Shipyard casualties again! | The Daily Star
12:00 AM, January 20, 2011 / LAST MODIFIED: 12:00 AM, January 20, 2011

Editorial

Shipyard casualties again!

Act against violators of the law

Share this with

Copy this link

The accident that occurred at a ship-breaking yard at Sitakunda on Tuesday last took a toll of 4 precious lives. As many as 30 workers died and 16 were maimed in last 21 months in 16 ship-breaking yards. Besides, many others were injured whose number remains unrecorded.
We watch with trepidation that fatal explosions happen in the industry at regular intervals as the authorities concerned did not comply with the High Court orders and let the owners operate without equipping their workers with necessary safety measures.
Flouting of rules has become a general practice these days. As per reports, the blast at Sitakunda took place during the scrapping of a tanker that entered the country violating the HC directives on toxin free entry in the first place.
In addition to defying High Court directives against allowing any ship into Bangladesh and equipping the workers with safety measures, there are other breaches of law. According to existing law, it is mandatory for all ship-breaking yards to have environmental clearance certificate, although majority of the 100 ship-breaking yards are operating without proper clearance from the concerned department. Almost all of the yards scrap vessels on open beach and dismantle them manually exposing the man and the environment to extreme health and environment hazard.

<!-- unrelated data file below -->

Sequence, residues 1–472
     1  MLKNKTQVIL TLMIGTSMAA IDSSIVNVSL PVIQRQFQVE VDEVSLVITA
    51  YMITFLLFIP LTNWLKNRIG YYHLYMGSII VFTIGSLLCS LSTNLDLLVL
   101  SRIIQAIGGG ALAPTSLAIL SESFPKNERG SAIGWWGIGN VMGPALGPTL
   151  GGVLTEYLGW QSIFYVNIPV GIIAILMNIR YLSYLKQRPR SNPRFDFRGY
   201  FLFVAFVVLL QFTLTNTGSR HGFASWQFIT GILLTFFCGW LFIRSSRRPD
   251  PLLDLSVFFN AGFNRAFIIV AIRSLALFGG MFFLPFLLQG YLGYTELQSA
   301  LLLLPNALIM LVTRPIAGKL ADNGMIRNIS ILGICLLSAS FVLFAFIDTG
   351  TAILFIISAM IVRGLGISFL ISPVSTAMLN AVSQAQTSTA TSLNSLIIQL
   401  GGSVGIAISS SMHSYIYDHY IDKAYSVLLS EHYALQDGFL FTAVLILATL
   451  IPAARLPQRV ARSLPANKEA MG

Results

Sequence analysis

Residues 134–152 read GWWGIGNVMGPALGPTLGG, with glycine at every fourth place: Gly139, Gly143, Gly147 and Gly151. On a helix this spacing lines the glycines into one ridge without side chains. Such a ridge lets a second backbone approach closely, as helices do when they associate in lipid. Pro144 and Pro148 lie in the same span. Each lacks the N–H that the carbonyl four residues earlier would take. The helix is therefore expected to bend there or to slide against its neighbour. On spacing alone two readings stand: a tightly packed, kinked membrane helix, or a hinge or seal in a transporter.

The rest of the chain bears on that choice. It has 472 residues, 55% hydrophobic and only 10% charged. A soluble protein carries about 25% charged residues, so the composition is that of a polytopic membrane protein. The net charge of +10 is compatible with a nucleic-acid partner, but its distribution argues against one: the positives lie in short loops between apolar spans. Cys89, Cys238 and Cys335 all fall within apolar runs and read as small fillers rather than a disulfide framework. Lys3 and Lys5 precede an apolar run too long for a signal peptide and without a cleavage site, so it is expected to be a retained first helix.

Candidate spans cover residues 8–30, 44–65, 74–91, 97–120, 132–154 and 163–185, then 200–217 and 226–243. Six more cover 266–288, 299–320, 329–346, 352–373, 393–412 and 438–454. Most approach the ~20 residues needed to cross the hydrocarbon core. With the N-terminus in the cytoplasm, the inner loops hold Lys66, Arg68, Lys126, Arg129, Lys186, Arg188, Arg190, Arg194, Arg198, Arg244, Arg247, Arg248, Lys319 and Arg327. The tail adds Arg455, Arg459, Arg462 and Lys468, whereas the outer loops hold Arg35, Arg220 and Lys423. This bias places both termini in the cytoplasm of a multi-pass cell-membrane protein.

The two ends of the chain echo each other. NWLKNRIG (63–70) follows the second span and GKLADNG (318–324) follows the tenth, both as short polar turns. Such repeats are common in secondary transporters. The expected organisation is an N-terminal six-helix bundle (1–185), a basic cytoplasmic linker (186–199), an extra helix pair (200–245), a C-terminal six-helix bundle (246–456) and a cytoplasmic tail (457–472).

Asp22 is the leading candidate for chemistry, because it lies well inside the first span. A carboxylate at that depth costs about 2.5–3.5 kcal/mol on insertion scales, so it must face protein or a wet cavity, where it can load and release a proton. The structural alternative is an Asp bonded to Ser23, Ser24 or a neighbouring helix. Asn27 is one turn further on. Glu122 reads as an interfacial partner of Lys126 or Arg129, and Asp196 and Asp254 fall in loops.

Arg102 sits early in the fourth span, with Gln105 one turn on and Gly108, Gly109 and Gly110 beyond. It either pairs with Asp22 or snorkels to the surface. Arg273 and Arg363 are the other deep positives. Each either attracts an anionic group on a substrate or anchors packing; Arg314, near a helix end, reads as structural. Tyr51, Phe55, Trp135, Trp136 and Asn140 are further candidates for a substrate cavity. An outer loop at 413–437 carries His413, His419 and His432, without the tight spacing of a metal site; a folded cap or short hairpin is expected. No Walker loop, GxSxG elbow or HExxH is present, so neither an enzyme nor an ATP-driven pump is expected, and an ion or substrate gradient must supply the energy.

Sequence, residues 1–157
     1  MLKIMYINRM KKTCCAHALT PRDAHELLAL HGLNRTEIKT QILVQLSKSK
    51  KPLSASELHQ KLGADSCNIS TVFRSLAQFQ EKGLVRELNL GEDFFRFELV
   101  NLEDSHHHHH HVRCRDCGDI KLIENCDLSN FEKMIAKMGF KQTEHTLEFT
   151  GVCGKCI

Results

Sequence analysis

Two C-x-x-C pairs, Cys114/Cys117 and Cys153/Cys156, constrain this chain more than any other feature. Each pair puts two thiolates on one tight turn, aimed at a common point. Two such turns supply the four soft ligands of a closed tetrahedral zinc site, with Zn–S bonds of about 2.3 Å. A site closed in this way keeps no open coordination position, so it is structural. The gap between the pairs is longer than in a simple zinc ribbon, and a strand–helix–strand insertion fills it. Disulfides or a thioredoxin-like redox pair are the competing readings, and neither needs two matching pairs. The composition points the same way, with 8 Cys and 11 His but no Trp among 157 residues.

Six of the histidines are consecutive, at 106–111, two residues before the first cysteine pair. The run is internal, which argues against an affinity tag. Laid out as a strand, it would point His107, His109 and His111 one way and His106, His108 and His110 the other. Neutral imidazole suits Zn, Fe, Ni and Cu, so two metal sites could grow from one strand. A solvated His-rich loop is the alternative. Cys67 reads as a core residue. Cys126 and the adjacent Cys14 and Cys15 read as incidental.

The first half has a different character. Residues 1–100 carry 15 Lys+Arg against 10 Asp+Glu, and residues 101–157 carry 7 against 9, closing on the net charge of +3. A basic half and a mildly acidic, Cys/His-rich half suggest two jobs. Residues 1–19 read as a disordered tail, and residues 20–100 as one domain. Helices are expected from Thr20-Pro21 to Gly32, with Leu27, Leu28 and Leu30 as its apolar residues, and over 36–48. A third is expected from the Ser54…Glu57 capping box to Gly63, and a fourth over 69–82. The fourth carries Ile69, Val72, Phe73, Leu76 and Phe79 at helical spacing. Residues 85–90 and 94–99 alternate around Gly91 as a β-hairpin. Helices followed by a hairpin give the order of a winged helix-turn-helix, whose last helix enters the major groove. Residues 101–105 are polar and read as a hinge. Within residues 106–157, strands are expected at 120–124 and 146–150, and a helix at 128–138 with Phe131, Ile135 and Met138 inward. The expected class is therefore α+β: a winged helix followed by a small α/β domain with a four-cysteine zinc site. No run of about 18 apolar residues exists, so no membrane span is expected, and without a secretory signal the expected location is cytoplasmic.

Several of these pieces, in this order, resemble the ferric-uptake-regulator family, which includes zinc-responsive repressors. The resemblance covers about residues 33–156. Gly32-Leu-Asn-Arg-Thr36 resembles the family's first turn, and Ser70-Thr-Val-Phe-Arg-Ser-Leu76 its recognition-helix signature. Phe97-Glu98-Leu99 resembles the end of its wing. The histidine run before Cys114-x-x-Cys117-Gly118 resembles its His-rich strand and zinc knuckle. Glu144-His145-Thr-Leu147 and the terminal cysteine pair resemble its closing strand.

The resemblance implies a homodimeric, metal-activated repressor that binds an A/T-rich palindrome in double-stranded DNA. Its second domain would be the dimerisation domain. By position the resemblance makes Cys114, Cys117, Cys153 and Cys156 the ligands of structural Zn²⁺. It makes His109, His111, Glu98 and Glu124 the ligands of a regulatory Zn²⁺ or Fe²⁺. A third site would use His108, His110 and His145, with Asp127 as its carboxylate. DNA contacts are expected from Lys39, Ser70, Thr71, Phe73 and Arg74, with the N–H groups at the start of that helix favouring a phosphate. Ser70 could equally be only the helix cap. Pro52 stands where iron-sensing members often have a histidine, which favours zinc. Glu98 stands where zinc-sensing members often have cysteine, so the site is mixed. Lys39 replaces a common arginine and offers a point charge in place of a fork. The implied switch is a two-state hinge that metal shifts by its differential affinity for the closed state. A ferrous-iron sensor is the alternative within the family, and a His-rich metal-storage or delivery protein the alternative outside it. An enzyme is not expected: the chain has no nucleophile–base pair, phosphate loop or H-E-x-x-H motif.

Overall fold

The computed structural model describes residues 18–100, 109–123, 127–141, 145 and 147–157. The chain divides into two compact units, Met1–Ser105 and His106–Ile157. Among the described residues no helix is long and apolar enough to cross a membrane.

The entire process of the trade demands regular monitoring to ensure safety of lives and environment. The process involves acquiring of ships or tankers and putting them on for scrapping in compliance with all the internationally prescribed adequate safety standards. This is particularly imperative on our part because Bangladesh has been vulnerable to dumping of old ships by the owners. As guardian, the government ought to be the first party to ensure that all the ship-breaking yards are complying with the requirements as prescribed by the law not only to ensure safety of the workers but also to protect the environment.
That so many unauthorised yards have been operational by flouting laws is an indicator of the government's
indulgence at some point which it must now shun without much ado.
Let us have the yards but have them only subject to maintenance of international standards, and in a manner that some other countries are operating with regular precaution in place.

Leave your comments

Top News

Share this with

Copy this link

Top News

Top